Grave of the Fireflies
In every war, there are innocent victims on both sides, regardless of the politics involved. Grave of the Fireflies is a story about two such victims in the aftermath of World War II. It is a deeply moving, disturbing film that changes the way we look at war and changes the way we look at the medium of animation.
Our main character dies in the opening sequence of the film. Instantly, we start becoming prepared for the story to follow. We move in flashback to the moments where our troubles begin, back to the firebombing of a Japanese village by the Allied forces. We see Seita, a boy of perhaps 14, and his much younger sister, Setsuko, as they escape the flames only to find that their mother has not been spared. With Father away in the Japanese navy, the two go to live for a while with an aunt. Overburdened by them, however, she becomes violently embittered toward them, and Seita realizes that their only hope lies in living on their own. For a while, escaping to the nearby countryside gives them a brief respite, until cold and hunger begin to set in permanently. Seita tries to provide for them both as best he can. However, despite his best intentions, without food or home, Setsuko is no match for the bitter circumstances they find. Perhaps a better world awaits them.
Grave of the Fireflies is more than a simple tragedy. Perhaps it's the hauntingly beautiful imagery that lays down a counterpoint to the story. Perhaps it's the small triumphs the siblings share that, despite our foreknowledge of coming events, give us hope that somehow they can make it. Perhaps it's the emotions that all the characters experience that are so real--no one is immune from greed and self-preservation, even at the expense of loved ones, or the guilt that these feelings bring. Perhaps, for American audiences, it's staring into the face of a supposed enemy and seeing ourselves instead. For all these reasons and far more, Fireflies is transcendent, not merely a tragedy but something far greater that taps into our own consciousness.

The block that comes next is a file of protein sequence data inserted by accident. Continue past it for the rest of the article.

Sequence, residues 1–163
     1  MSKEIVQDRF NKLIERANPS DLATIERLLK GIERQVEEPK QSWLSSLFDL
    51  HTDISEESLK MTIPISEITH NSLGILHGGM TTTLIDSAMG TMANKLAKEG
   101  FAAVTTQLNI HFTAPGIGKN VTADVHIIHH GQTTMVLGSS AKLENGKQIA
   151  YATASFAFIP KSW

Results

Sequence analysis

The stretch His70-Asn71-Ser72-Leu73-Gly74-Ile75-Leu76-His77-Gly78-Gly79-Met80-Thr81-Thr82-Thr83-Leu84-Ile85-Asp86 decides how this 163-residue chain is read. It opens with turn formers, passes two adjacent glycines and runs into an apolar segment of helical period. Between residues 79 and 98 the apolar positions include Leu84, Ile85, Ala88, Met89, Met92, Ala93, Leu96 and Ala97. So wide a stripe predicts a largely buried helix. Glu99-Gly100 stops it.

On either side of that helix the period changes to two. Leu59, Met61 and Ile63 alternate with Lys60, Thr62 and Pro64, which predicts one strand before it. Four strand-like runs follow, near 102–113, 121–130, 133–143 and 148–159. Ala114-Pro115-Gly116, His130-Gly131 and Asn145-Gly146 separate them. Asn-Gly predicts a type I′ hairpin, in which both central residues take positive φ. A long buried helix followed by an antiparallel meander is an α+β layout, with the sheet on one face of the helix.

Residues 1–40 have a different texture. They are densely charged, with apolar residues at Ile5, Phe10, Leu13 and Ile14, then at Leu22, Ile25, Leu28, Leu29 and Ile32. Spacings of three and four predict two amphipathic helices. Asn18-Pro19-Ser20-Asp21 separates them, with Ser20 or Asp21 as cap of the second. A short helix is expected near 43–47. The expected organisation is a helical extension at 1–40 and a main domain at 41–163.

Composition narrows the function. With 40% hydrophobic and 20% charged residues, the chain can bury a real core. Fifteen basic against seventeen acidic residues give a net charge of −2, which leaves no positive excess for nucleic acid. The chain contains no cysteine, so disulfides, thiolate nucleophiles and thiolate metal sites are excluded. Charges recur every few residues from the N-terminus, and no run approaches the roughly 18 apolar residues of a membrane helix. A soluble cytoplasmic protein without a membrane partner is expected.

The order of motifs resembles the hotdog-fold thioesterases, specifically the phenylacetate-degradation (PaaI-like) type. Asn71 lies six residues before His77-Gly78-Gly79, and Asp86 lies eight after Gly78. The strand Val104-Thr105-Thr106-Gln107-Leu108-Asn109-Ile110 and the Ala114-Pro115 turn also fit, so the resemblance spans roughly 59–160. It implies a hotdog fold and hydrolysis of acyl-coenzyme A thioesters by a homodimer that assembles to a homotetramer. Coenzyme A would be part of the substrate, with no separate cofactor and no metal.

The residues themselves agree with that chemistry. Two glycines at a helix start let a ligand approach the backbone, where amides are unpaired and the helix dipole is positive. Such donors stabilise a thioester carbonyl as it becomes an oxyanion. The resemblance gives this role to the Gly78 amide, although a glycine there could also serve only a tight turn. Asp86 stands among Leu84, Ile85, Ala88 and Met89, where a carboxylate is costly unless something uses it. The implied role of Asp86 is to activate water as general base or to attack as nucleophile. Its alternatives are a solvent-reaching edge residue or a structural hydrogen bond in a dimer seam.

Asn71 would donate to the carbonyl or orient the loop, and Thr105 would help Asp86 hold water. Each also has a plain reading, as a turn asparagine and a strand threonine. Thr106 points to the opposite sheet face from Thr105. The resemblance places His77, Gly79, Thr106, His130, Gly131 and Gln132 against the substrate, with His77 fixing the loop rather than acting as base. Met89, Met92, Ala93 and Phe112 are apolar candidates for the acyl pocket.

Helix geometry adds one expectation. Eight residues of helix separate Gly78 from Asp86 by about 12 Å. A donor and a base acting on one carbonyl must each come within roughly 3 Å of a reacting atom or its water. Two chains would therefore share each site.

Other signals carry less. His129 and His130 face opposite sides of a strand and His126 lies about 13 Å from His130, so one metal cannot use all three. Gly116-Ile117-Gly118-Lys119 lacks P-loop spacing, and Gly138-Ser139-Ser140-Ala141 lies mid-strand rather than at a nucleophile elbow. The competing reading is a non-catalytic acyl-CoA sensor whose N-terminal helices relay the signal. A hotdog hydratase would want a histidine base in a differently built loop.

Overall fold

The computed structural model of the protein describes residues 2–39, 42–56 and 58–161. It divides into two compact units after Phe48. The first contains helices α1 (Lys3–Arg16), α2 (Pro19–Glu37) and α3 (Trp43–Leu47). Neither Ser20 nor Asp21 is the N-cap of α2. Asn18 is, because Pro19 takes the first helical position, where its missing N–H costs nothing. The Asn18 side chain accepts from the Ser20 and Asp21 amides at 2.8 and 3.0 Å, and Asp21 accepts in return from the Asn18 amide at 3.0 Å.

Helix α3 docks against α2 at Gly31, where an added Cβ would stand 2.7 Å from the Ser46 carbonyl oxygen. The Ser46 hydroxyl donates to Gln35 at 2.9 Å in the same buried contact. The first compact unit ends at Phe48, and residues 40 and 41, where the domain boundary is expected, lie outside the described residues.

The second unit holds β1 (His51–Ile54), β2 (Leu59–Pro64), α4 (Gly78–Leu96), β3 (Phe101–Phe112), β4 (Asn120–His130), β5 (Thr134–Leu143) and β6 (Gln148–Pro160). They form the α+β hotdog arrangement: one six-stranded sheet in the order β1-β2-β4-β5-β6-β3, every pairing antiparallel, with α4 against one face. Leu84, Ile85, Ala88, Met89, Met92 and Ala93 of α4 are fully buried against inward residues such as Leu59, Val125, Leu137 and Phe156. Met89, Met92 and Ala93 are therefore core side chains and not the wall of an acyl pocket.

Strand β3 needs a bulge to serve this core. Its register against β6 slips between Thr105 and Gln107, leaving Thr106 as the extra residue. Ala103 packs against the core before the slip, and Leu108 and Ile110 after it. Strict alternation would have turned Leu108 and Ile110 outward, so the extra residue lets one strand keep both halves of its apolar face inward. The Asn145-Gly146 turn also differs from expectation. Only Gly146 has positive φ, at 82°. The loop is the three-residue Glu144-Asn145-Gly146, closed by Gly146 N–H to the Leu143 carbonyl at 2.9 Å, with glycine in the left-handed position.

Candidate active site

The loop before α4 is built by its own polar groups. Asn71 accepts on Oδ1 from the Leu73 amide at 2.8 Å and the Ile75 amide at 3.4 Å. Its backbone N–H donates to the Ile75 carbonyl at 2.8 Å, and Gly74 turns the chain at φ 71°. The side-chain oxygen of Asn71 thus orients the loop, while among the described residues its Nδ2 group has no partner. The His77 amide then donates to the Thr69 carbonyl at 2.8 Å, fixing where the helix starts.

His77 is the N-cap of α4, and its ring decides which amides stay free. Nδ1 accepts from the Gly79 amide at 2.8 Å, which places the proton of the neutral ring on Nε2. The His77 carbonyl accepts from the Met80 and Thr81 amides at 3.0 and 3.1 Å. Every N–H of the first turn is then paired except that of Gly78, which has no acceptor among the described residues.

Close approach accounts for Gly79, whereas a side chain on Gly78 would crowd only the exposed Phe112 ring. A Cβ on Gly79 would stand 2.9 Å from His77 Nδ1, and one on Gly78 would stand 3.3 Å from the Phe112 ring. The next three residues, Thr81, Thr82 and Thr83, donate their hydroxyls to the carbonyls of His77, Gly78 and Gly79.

This and several other Japanese films about WWII, such as Barefoot Gen, have been attacked for not discussing the role the country played in WWII. It is true that Japanese film is virtually silent about the actions taken against the Allied forces, and perhaps at some point it would be a topic for discussion. However, that in no means harms this film, as it could be set in virtually any war zone, virtually any place. The film is not about Japan, even--it is about the blameless bystanders caught in war. With the recent flare-up of tensions between Israel and the Palestinians and the hundreds of innocent lives lost on both sides as an example, this film's message is, unfortunately, always relevant.
Isao Takahata, friend of Hayao Miyazaki and second in command at the great Studio Ghibli, has made a film that in some ways bests anything his ever-popular comrade has created. Fans of Miyazaki's style will be impressed by the always perfect artwork, but even those unimpressed by animated features will be hard pressed to find much fault here. Although anime gets shown in art theatres around the country, more due to the niche interest than the quality of the pictures shown, Grave of the Fireflies is actually a film worth calling art.
For those interested in more, I strongly recommend seeing the picture, then reading some of the commentaries on the Internet about it. Roger Ebert's review at www.suntimes.com is a good place to start. Grave is a unique tearjerker. Where most films set up a good cry through less-than-subtle manipulation of the audience, Fireflies creates the same emotion by simply breaking your heart.
Grave of the Fireflies -- nothing objectionable, but difficult subject matter -- A